Iranian schoolgirl reportedly beaten to death for refusing to sing pro-regime anthem

Thursday, 20 October 2022 (12:21 IST)
Asra Panahi, 16, was a student from the city of Ardabil in northwestern Iran. Wider and fiercer protests erupted in the city following reports that the teenager from the Azeri ethnic minority died on Friday after she was beaten to death by security forces. 

Authorities denied the reports, saying she died because of a chronic heart problem and police did not hit her.

Nevertheless, her death further fueled the public anger that was sparked by the recent death of 22-year-old Jina Mahsa Amini after she was arrested by Iran's so-called morality police in Tehran for violating the Islamic Republic's strict dress code.

The Middle East nation has seen mass anti-regime protests nationwide in recent weeks.

What do we know about Panahi's death?

It's reported that Panahi died after security officials raided the Shahed girls high school in Ardabil on October 13 and ordered a group of girls to sing a song praising the Islamic Republic.

When some students refused to participate, they were severely beaten, leading to a number of them being taken to hospital. Panahi was also among them. On Friday, she reportedly died in hospital due to injuries sustained at the school.

Despite widespread internet outages in Iran, the news spread quickly on social media networks.

News agencies close to the Iranian Revolutionary Guard Corps, like Tasnim, quoted Panahi's uncle as saying the high school student had died of a heart problem.

But shortly afterwards, a screenshot appeared on the internet, showing that Panahi was a competitive athlete. At the age of 12, she came third in a regional swimming competition in her province.

This information has since been deleted from the swimming federation's website.

"The truth is that she took her own life," the mayor of Ardebil was quoted as saying by the news portal Entekhab. "She had taken pills because she had family problems."

Three more schoolgirls dead because of police beating

Former national soccer player Ali Daei slammed Iranian authorities on Instagram, saying: "You are not telling the truth." Many Iranians share this view. Daei, who also played in the German Bundesliga for Arminia Bielefeld, Bayern Munich and Hertha Berlin, is from Ardebil. "I know what happened in my city," the 53-year-old said.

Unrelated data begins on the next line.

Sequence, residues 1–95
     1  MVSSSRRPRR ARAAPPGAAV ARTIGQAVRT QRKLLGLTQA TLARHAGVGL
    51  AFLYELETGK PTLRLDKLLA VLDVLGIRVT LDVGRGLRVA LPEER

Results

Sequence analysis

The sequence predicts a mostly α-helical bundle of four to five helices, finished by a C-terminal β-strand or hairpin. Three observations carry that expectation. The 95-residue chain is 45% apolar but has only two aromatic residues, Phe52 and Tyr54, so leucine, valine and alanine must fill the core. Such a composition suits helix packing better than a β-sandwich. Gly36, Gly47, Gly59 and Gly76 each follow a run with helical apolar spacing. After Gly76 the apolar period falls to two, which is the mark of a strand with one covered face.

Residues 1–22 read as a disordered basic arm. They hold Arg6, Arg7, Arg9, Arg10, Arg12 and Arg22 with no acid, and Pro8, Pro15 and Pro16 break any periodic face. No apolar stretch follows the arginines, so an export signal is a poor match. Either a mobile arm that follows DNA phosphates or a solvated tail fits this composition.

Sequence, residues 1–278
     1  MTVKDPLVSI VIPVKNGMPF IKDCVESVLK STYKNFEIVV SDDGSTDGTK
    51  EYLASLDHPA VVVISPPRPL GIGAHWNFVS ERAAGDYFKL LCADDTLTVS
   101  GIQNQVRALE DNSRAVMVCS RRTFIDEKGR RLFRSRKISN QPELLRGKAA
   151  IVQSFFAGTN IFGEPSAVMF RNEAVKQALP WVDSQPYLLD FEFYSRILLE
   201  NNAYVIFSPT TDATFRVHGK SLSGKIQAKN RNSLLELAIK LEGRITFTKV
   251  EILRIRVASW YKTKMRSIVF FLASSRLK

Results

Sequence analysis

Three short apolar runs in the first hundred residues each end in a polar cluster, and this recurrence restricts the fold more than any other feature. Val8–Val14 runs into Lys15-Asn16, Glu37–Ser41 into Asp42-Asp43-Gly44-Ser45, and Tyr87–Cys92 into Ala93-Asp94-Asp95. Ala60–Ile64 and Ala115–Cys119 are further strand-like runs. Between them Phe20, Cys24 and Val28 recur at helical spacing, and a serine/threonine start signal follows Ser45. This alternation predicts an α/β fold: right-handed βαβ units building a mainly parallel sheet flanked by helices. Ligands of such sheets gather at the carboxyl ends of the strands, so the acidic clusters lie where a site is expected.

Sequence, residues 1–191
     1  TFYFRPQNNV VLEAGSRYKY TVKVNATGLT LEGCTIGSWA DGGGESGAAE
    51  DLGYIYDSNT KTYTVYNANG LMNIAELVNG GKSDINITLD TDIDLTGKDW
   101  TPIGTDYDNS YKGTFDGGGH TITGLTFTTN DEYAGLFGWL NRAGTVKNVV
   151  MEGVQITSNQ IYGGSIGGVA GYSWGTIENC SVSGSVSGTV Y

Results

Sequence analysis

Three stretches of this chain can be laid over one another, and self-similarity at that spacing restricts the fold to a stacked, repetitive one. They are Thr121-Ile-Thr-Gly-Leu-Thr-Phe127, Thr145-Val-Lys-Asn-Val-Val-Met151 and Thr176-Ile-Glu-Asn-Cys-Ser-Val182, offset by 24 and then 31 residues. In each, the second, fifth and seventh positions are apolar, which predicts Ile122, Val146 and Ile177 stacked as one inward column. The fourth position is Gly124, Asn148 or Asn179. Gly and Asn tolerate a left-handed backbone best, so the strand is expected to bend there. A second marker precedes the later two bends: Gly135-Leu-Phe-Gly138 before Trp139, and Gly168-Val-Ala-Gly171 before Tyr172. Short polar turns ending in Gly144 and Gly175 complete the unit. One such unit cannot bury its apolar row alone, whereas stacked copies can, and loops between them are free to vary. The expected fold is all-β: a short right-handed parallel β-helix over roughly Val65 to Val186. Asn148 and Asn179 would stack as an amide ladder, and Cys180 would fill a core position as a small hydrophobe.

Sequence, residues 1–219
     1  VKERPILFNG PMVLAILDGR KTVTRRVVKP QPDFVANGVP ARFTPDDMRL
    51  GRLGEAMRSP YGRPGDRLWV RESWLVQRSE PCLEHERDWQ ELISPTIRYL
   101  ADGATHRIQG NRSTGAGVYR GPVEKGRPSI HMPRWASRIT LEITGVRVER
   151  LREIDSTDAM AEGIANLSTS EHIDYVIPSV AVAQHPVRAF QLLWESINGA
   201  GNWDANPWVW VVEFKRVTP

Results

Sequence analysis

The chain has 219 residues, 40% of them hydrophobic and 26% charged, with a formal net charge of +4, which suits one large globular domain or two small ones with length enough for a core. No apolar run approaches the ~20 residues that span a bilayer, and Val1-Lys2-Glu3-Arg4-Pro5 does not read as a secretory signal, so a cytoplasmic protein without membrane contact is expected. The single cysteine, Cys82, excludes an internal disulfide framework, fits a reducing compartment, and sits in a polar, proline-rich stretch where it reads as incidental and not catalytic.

This is not the first time authorities have tried to deny responsibility for the death of schoolgirls in the last four weeks.

"We have information showing that at least three more schoolgirls were killed by violent blows to their heads," Raha Bahreini, Iran expert at Amnesty International, told DW.

According to the rights watchdog, at least 23 minors were killed by the unlawful use of force during the protests between September 20 and 30.

Among those killed are 20 boys between 11 and 17 years old and three girls, one of whom was aged 17 and the other two were 16, Bahreini said. "Most of the boys died because the security forces shot at them unlawfully with live ammunition, often at close range. The three girls — Setareh Tajik, Sarina Esmailzadeh and Nika Shahkarami — had all suffered fatal blows to the head."

The childrens' families, however, have been pressured to say that their children died as a result of illness or suicide, she said.

The mother of 17-year-old Nika Shahkarami confirmed this. According to the Iranian government, Shahkarami was found dead on September 21 after falling from the roof of a building. Her family was forced to confirm it on state television.

But the victim's mother, in a video she sent to Persian-language media abroad, rejected the official explanation and said her daughter was killed by Iranian security forces at a protest.

"The security forces are doing everything they can to exonerate themselves," her mother Nasrin said in the video.

Schoolgirls challenge the Islamic regime

Schoolgirls have been at the forefront of the latest round of anti-regime protests gripping the country, presenting a huge challenge to the Islamic clerical establishment. Students have been organizing protests in schools, taking off their hijabs and chanting anti-government slogans. Pictures and videos of their demonstrations have been going viral on the internet.

To curb the protests, security forces have been raiding schools since last week. Often informed by school administrators, plainclothes officers appear suddenly, force their way into classrooms and forcibly arrest schoolgirls.

In some cases, tear gas is also being used in schools. In a statement released on Sunday, the Iranian Teachers Union condemned the "brutal and inhumane" raids on schools and confirmed news of the violent arrests and deaths of schoolgirls.

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